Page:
An Innovative Approach to the Agency Model

business-model-innovationI just returned from a trip to my alma mater, University of Chicago’s Booth School of Business, where I participated in a day-long management conference. One of the sessions I attended focused on how to create and implement innovation within, and outside of companies. It was led by a panel who kicked off the discussion with some back and forth about how to recognize innovation. The consensus was that innovation occurs when additions or subtractions are made to products or processes that bring meaningful value to employee interactions or customer experiences. At Glue, we’ve always believed that our agency was different. But at that moment, by this definition, it became clear that Glue is also an innovation. Alan and I have purposely taken the traditional agency model and changed it. We’ve eliminated what we know doesn’t work for clients and added back the essential ingredients that were missing. I suppose it should be no great surprise that innovation comes not from the desire to innovate, but in response to an unmet need. Here’s are just some of the ways that Glue is innovative:

  • We have a hands-on culture. There are no excess layers.  We have no employees in senior roles––or any roles for that matter––who don’t work directly on client business. Anyone who hires us gets the benefit of our years of experience day in and day out. We don’t ask clients to pay for high-priced management they never see. Instead, we get deeply engaged in their critical strategic and creative issues from the start. We build brands alongside those we work with––and for.
  • The talent we can deploy is virtually unlimited. Because of our partnership with the lab and our network of experts, we have highly experienced teams at the ready. This is an on-demand, not a freelance model. The lab––our studio production partner––has animators, retouchers, videographers, digital strategists and developers who work full-time as an extension of the Glue team.  When we have a need, particularly in the digital development area, which many agencies outsource, we can turn to our right or left and find those people sitting right beside us. Similarly, our network gives us a whole host of entrepreneurially-minded sister agencies in areas such as access, PR, medical education, market research and digital and broadcast media.  Most of their leaders, like us, left big conglomerates because as they rose through the ranks, they became bogged down with operational responsibility and further and further removed from what they loved to do.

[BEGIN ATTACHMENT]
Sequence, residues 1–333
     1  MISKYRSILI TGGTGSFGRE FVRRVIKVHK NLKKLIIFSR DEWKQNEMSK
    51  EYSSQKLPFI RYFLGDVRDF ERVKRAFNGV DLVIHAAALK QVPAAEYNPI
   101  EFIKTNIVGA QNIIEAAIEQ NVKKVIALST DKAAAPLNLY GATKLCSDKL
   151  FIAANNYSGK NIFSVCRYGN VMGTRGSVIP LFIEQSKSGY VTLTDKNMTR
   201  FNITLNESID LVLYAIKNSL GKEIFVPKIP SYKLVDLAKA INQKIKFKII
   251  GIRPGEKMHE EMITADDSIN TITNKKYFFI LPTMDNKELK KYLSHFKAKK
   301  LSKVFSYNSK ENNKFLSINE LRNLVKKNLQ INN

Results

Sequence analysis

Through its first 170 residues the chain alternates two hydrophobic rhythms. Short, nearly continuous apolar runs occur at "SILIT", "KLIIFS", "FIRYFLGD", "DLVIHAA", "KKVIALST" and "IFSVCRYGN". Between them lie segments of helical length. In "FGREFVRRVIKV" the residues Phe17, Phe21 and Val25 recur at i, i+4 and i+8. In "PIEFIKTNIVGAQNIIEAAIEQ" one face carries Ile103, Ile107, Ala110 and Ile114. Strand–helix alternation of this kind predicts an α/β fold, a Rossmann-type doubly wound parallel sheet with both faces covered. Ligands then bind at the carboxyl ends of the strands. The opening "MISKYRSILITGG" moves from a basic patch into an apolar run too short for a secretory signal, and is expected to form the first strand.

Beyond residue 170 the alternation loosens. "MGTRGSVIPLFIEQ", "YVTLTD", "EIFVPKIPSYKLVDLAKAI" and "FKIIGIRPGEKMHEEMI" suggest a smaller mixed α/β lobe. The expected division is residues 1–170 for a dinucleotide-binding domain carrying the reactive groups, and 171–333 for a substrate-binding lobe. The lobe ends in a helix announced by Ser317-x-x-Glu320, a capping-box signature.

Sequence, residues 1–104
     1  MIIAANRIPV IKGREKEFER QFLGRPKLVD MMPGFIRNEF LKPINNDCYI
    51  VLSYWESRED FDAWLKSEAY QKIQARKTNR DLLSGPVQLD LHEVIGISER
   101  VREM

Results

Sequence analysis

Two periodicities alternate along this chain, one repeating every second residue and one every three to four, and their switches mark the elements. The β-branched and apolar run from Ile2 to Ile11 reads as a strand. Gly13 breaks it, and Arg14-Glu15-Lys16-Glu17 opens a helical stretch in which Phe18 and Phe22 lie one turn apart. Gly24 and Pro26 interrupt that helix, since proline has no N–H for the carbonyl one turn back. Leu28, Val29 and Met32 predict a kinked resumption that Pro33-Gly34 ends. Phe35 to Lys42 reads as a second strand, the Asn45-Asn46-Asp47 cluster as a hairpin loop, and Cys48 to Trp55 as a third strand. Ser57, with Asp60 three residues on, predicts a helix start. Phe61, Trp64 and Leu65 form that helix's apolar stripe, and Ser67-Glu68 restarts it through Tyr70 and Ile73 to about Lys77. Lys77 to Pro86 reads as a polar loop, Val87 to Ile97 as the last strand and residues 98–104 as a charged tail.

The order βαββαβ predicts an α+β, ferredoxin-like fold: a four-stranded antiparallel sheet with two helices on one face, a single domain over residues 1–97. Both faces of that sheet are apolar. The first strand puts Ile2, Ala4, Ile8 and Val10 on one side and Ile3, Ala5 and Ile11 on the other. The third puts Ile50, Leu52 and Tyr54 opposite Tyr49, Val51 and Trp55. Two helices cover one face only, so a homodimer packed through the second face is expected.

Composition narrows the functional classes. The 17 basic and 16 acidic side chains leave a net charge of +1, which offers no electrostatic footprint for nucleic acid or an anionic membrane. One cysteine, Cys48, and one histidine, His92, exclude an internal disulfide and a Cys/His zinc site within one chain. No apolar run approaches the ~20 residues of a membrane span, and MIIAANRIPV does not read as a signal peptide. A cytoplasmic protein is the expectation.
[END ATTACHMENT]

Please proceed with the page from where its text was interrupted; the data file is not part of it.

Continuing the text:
• We are strong on strategy, creativity and execution. The reason is we don’t have mid-level employees. Our lead account and creative people are all senior, with a minimum of 10 years of experience. They are supported by agency producers––not junior-level account people––whose job is to flawlessly implement the work. With this structure, we have the right skills in the right places and an easy, effective communication flow both within our organization and back out to our clients. Our expertise at the top eliminates strategic and creative disconnects along with rounds of changes that often occur when too many of those involved are learning the ropes.  And our backbone is a group whose priority is to ensure that creative briefs, projects briefs, timelines, estimates, financial reconciliations, client changes and editorial oversight all get the attention that they deserve.

Does this sound innovative to you? To me, it just sounds sensible. But perhaps what I learned this past week is that Alan and I have been selling what we’ve created a bit too short.

For more examples of big-agency thinking, without the big agency, visit

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